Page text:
Publication Date

May 4, 2015

Today we are pleased to launch curricular materials developed by faculty participating in the AHA’s Tuning project. Since 2012, the Tuning project has provided a collaborative forum and process for history faculty to articulate the central skills students gain by studying history. Participating faculty members then work internally to make sure their shared learning priorities are embedded in their program requirements, courses, syllabi, and individual assignments. Faculty participants also work externally to communicate those disciplinary skills to students, parents, colleagues across the campus, and members of their local communities, including employers. By soliciting feedback from these groups, faculty can refine their message to better promote the value of historical study for students and society in terms of personal development, civic engagement, and career potential. We hope these curricular resources will help to broaden knowledge of tuning-like processes in teaching history and encourage more faculty to undertake a revitalization of their own history programs to attract, educate, and retain students.

The Tuning project has brought together history faculty at two- and four-year colleges and universities around the country to consider what students understand, know, and are able to do when they successfully complete a history degree at the associate’s, bachelor’s, or master’s level. To date, the project has engaged more than 160 faculty historians from across the United States.

While the Discipline Core statement that was produced as part of the project articulates areas of commonality across degree programs, it has always been a central goal of this process for faculty at participating departments to develop their own, unique statements about what is distinctive to their programs. Primary responsibility for implementing the steps of the Tuning process rests with local faculty.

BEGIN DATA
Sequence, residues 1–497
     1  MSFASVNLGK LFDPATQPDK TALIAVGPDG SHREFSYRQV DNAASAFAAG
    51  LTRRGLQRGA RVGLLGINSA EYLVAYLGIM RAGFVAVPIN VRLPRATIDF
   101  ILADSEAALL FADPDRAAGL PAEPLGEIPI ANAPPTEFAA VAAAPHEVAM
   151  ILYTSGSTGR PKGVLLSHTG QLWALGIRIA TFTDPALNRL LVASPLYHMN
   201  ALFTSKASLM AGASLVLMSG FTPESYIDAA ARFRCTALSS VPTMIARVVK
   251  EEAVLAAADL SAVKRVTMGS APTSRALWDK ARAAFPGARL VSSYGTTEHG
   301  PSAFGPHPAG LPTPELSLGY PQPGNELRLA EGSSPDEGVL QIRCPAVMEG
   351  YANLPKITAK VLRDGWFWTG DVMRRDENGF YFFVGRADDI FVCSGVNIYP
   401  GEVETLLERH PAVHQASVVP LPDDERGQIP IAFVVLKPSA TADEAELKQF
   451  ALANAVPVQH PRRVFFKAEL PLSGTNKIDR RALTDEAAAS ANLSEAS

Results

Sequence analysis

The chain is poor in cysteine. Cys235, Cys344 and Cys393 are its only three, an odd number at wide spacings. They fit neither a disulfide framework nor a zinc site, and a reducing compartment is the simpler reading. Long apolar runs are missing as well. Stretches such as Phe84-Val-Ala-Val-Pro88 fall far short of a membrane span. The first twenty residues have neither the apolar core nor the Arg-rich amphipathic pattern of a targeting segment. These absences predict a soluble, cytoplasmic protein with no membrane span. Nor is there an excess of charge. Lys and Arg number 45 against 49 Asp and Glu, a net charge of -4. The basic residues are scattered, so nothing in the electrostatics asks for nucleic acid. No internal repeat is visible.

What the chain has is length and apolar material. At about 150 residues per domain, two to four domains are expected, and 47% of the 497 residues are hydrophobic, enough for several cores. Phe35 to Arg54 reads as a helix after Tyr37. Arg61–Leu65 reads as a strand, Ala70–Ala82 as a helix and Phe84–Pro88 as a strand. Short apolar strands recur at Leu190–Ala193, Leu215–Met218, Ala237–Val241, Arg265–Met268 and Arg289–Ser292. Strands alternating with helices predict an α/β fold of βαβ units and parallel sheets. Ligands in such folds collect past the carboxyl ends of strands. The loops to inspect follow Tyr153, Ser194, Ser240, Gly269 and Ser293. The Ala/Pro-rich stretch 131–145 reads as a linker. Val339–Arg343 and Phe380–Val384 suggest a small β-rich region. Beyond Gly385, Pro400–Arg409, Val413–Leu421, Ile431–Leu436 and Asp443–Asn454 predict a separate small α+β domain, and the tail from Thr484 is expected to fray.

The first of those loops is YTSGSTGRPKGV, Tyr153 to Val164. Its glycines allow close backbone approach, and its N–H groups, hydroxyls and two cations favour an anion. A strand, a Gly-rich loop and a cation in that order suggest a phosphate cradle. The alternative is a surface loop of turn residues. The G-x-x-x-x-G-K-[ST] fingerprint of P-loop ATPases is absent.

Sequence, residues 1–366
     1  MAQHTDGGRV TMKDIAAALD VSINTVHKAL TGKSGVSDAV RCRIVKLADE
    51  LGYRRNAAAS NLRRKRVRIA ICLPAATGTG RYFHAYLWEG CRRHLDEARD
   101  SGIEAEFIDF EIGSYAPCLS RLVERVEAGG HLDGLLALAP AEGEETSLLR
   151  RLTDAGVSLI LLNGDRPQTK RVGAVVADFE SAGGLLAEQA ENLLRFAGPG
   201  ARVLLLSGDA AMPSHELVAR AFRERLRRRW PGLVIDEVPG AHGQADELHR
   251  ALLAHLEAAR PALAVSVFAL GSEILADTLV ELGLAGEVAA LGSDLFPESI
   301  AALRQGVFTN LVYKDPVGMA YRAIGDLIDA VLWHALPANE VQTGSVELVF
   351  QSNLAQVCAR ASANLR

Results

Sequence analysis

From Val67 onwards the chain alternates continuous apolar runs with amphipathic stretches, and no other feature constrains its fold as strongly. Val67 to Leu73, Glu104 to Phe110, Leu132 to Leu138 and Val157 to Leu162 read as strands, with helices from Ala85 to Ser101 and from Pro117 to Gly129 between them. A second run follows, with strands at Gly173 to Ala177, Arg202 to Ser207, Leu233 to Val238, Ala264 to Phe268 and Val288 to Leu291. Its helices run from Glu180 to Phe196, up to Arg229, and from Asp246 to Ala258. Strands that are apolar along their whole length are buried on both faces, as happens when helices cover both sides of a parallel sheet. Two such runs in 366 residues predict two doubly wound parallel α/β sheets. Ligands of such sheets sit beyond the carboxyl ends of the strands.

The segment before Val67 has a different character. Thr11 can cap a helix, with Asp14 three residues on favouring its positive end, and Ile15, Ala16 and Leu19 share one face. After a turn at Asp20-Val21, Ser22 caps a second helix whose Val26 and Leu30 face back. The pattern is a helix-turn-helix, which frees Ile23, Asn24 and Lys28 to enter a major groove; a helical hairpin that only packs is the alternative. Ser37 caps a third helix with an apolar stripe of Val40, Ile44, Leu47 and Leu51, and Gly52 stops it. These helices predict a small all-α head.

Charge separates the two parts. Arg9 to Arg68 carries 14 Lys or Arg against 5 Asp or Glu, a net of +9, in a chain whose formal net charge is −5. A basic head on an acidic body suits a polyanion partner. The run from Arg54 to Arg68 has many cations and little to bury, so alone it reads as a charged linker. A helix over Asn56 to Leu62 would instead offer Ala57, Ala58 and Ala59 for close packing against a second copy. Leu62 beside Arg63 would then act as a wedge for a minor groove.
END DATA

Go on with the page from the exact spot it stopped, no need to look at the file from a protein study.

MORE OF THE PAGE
These newly published documents include descriptions of history degree programs across the country at different types of institutions, and they reflect how the elements of a tuning process can be adapted to very different local contexts and needs. Most of these documents are “Degree Specifications,” which communicate the purpose and characteristics of each program, what students can expect to learn, and what careers graduates tend to pursue. The process of creating these statements differed from place to place, but in general faculty collaborated on identifying goals for their degree programs. There are many excellent examples, but for a taste of the variety, you can compare details offered in the BA degree profile from Lendol Calder at Augustana College in Illinois with the BA degree profile from Juliana Barr at the University of Florida. Would such a statement be helpful to students at your alma mater? What would it say?

In addition to the Degree Specifications, available tuning resources reflect examples from the range of activities that participants decided to pursue as part of this flexible process. You can view learning objectives for individual courses such as “Early American History” at Delta College (Michigan), a sample rubric from New College of Florida, major requirements at Regis University (Denver), a brochure for students at California State University Long Beach, and other unique resources. At Alverno College in Milwaukee, for instance, faculty used rigorous research methods in conducting interviews with many of their alumnae in order to understand how their history degrees had served them in their subsequent civic and professional lives. Other history faculty also conducted alumni surveys using a variety of instruments and methods (e.g. Augsburg College survey, Bergen Community College survey, and Carleton College survey).

We expect that site visitors teaching history will be able to use these resources to catalyze further discussion about their own programs and the shared and distinctive aspects of history education in different local settings. For other visitors, these documents serve as evidence of possibilities—the wide range of skills, understanding, and knowledge that is accessible through the history discipline today.

We hope that AHA members and others will use these resources to continue the conversation about the role of historical study in education and the contributions that our discipline can make to society, not only through professional historians but also through the many students who experience the benefits of a well-considered history curriculum on their way to graduation.

We thank all the participants who have shared the results of their hard work with the AHA. We also welcome any reader comments on these resources. Please submit your comments on this blog post, or to the Teaching and Learning History group at AHA Communities.

Check out the complete Tuning Resources.

This post first appeared on AHA Today.

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